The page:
The Centre of Archaeology will be part of an important new project exploring a unique historical Second World War location with a dramatic link to the Holocaust.
Thanks to National Lottery Players, the Cumbrian based charity Another Space, which produces and manages the Lake District Holocaust Project, has received £48,000 from the Heritage Lottery Fund (HLF) as part of a £62,000 project. The project will involve an archaeological survey and dig at the site of Calgarth Estate, home to three hundred Jewish child Holocaust Survivors on their arrival in the Lake District in 1945.
The survey and dig will be carried out at the Lakes School in the summer of 2019. The school stands on the former site of the wartime workers housing scheme of Calgarth Estate. The estate was originally built in 1942 to house workers at the nearby Short Sunderland “Flying Boat” factory at White Cross Bay, and was gradually demolished over time until it finally disappeared in the mid 1960’s.
The archaeological work will be led by the Centre of Archaeology’s Professor Caroline Sturdy Colls and Kevin Colls, and will include a cutting edge technological survey to identify what remains of the estate lie hidden below ground. This will be followed by excavations that will focus on uncovering the remains of hostel accommodation on the estate that slept single workers from the factory.
Each of the six hostels on Calgarth Estate housed fifty people in small, individual rooms, and each room had a bed, chest of drawers and bedroom furniture. For the child Holocaust Survivors, who had spent years in terrible conditions, these hostels were utterly luxurious.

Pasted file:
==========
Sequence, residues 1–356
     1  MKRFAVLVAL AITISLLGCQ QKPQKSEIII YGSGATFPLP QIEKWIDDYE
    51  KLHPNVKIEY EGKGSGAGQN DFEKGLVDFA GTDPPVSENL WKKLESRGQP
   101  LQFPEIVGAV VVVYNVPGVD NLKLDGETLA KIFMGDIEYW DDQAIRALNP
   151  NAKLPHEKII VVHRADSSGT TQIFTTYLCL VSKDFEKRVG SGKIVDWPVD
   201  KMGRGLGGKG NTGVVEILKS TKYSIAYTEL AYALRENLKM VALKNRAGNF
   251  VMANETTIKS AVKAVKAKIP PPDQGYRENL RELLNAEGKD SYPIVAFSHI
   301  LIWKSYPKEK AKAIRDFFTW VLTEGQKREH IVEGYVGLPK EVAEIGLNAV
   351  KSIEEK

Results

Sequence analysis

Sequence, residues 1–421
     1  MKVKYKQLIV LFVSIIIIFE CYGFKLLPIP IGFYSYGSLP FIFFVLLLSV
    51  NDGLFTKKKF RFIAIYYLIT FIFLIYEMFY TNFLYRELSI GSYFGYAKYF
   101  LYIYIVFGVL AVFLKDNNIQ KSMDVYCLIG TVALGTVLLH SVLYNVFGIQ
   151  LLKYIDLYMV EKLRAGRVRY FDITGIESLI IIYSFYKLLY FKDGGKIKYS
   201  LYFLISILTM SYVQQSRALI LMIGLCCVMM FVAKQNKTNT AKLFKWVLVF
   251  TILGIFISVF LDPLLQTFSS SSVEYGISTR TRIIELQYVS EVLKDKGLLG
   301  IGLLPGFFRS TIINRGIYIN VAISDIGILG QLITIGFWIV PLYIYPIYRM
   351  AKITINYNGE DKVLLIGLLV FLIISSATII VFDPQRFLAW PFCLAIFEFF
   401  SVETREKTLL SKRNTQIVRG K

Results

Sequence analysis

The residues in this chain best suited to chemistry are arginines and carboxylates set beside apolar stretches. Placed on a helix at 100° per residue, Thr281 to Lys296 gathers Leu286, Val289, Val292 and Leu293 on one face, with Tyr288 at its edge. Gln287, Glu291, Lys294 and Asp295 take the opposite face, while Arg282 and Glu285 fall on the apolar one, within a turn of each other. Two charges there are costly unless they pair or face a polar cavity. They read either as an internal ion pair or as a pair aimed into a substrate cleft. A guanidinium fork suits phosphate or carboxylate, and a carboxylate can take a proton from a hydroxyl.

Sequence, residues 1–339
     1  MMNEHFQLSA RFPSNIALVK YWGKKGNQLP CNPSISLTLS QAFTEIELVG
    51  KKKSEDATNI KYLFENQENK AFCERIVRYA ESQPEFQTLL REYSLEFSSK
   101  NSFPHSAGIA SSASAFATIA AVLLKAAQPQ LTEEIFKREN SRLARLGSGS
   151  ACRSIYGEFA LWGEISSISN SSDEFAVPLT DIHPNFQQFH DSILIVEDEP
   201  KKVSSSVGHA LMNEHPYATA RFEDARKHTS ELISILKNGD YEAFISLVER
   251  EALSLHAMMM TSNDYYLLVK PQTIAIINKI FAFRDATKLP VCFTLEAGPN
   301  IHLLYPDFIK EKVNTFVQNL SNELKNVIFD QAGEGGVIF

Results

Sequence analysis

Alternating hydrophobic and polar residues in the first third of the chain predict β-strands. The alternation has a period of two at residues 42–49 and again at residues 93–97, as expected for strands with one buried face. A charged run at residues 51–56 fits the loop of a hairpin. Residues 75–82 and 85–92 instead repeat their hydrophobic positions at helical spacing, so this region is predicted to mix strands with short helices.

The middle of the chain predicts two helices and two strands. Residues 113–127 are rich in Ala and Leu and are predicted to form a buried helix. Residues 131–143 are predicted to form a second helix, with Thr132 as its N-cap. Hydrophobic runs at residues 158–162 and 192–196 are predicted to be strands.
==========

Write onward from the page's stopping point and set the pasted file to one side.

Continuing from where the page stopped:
The survey and dig will take place over the summer and autumn of 2019 and will see wide ranging opportunities for people to work closely with leading archaeologists. There are great opportunities to get involved as volunteers to learn about all aspects of excavation, conservation, and exhibition work.
Calgarth Estate stood from 1942 to around 1964. It was home to two hundred families and three hundred single workers. It had a school, shops, entertainment hall, and laundry. The single storey houses were nicknamed “Shorts Palaces” by the residents and had indoor bathing and central heating facilities, still rare for working class people in the Lake District in the 1940’s. The estate was eventually demolished and Lakes School opened on the site in 1967, and most of the former residents were rehoused on the then newly built Droomer Estate in Windermere.
Trevor Avery, Director of Lake District Holocaust Project says “This is an amazing opportunity for everyone to become involved in a project that is literally unique in the UK, and it is here in the Lake District. The story of Calgarth Estate in the Lake District and its connections with the flying boat factory at White Cross Bay, is fascinating. Added to that, no other location in Britain has such a strong, physical connection to the Holocaust and makes this of national importance”.
The Lake District Holocaust Project was established in 2007 to commemorate the links between the three hundred child Holocaust Survivors who came to the Lake District in 1945, and the community that welcomed them. In 2018 alone, the story has featured in “Who Do You Think You Are?” With Robert Rinder on BBC One, “Paul Rose in the Lakes” on BBC Two, and programme dedicated the story was broadcast in “Open Country” on Radio Four.
About the Heritage Lottery Fund
From the archaeology under our feet to the historic parks and buildings we love, from precious memories and collections to rare wildlife, we use National Lottery players’ money to help people across the UK explore, enjoy and protect the heritage they care about. www.hlf.org.uk.
For further information, images and interviews, please contact
Trevor Avery, Director, at Lake District Holocaust Project on 07876433490 and email@example.com